Concept comprehension is an important foundation for more complex thoughts. To enhance concept comprehension, teachers of traditional classrooms have been using instructional strategies and specific course designs, which have been proven effective. It initiates a hypothesis that integrating instructional strategies in the course designs of an e-learning system would improve the effectiveness of concept comprehension. The purpose of this study is to propose a framework that integrates the learning cycle with variation theory in the course design of a web-based e-learning system to prove the hypothesis. A pretest and posttest quasi-experimental design is employed to test whether the framework is feasible. Two types of web-based courses are designed for the experiments: a course designed according to a science textbook and another course designed using the framework. The participants in this study were 120 fifth-grade students in Taiwan. The results of the experiments show that the average scores of the experimental group, using the course designed with the framework, are significantly higher than that of the control group, using the course designed without any instructional strategy, on comprehension of course concepts. This confirms that the coherent, explicit and systematic framework is feasible for designing web-based e-learning courses for effectively enhancing concept comprehension as well as the evidence to prove the hypothesis.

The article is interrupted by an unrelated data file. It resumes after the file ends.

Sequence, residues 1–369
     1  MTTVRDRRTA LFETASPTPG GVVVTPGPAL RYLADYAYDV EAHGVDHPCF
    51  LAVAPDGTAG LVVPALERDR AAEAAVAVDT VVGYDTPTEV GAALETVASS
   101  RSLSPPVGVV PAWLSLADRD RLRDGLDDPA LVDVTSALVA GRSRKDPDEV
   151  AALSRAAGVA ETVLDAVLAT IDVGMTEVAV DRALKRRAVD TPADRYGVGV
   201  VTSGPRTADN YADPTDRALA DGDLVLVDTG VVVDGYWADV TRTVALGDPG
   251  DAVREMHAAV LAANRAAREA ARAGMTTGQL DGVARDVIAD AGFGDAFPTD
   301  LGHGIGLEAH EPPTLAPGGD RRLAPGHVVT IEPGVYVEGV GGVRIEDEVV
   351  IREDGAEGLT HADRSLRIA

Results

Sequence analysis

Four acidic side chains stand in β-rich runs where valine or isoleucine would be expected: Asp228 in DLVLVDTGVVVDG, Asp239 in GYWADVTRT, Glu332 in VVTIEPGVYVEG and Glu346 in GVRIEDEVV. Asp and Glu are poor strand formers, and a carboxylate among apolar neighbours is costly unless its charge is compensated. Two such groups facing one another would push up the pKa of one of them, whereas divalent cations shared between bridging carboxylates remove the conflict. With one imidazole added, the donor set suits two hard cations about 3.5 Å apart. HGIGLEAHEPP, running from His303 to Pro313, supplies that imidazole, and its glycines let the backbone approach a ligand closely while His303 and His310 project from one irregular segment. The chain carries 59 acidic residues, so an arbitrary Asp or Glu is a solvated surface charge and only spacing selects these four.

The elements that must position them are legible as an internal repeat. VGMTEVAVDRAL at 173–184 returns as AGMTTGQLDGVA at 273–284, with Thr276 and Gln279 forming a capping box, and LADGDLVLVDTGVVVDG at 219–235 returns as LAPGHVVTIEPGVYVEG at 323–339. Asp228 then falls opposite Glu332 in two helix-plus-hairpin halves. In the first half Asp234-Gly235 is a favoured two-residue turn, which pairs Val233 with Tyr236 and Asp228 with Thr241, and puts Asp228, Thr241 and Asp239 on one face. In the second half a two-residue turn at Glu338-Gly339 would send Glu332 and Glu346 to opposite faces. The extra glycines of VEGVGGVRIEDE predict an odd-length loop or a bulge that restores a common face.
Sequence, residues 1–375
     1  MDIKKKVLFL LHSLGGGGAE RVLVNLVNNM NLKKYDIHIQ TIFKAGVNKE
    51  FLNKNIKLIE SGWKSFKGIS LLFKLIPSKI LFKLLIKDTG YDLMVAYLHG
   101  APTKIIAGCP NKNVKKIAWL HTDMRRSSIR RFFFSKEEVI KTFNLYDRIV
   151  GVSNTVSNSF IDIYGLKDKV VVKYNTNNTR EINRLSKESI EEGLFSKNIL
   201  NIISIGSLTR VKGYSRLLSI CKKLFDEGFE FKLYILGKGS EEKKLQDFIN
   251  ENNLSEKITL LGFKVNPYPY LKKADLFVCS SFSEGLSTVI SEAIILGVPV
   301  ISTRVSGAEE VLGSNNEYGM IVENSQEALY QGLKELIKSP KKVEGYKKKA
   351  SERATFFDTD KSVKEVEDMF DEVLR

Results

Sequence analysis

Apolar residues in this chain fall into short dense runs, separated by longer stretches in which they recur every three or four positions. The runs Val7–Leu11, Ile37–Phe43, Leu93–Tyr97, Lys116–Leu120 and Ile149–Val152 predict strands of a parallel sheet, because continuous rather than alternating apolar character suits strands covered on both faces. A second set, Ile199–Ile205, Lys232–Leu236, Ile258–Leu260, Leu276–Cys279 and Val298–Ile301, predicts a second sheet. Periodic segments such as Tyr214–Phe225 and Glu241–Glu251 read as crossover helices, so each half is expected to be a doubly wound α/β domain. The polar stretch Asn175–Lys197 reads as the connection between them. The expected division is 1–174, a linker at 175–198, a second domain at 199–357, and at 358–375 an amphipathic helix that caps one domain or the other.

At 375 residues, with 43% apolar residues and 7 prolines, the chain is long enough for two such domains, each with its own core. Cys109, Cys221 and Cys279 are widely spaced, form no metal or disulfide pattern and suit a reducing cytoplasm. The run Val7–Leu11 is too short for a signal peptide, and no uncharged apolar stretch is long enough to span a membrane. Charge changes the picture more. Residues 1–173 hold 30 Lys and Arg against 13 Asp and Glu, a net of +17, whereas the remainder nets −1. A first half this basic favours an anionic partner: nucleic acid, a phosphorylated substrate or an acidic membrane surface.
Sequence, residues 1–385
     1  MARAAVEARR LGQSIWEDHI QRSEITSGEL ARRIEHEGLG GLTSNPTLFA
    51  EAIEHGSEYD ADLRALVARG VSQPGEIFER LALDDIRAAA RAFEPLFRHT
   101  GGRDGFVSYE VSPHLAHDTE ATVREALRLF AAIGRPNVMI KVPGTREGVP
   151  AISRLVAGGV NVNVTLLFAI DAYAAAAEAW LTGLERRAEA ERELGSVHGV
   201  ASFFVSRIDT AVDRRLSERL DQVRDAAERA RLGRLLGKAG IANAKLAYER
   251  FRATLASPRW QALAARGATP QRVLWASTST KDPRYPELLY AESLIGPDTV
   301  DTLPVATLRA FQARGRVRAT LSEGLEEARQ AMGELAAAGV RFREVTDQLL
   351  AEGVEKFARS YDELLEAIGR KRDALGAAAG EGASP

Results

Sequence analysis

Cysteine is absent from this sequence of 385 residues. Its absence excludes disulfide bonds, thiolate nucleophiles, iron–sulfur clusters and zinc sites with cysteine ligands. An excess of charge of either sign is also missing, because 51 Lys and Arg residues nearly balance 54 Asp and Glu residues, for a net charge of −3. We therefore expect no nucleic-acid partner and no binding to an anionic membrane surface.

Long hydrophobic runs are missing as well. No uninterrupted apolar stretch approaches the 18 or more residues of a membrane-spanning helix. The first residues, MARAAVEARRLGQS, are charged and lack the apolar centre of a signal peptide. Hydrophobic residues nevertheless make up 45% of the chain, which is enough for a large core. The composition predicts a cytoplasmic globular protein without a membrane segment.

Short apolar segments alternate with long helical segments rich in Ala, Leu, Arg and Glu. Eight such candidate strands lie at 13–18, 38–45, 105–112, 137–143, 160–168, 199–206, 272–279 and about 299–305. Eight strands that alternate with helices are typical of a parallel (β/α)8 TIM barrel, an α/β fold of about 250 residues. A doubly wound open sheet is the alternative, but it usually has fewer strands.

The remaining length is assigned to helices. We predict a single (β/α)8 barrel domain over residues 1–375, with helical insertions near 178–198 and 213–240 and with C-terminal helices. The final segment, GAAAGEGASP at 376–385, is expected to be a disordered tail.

All Science Journal Classification (ASJC) codes